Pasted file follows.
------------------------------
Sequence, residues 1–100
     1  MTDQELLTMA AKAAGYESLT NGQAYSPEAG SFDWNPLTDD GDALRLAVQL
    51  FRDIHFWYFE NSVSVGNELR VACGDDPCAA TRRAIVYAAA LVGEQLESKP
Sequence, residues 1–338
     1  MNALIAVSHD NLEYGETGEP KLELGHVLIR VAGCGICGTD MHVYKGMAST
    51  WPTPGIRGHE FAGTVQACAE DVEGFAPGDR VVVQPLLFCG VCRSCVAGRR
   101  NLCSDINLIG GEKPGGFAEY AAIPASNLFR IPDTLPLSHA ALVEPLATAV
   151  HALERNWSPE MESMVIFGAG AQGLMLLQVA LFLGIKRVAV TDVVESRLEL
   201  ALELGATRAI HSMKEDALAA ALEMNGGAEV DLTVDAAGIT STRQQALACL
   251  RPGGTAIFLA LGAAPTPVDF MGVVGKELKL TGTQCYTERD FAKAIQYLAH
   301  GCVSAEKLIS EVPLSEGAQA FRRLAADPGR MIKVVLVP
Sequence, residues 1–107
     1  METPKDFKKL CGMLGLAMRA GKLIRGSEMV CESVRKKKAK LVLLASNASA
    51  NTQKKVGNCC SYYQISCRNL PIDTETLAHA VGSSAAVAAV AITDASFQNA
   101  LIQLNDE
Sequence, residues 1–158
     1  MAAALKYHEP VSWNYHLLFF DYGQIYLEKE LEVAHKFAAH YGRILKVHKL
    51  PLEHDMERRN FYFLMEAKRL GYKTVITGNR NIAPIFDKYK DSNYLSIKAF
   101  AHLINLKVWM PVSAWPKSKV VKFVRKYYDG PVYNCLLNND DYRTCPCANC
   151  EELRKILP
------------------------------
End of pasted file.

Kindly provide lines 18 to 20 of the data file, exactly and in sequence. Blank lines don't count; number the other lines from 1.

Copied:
    51  PLEHDMERRN FYFLMEAKRL GYKTVITGNR NIAPIFDKYK DSNYLSIKAF
   101  AHLINLKVWM PVSAWPKSKV VKFVRKYYDG PVYNCLLNND DYRTCPCANC
   151  EELRKILP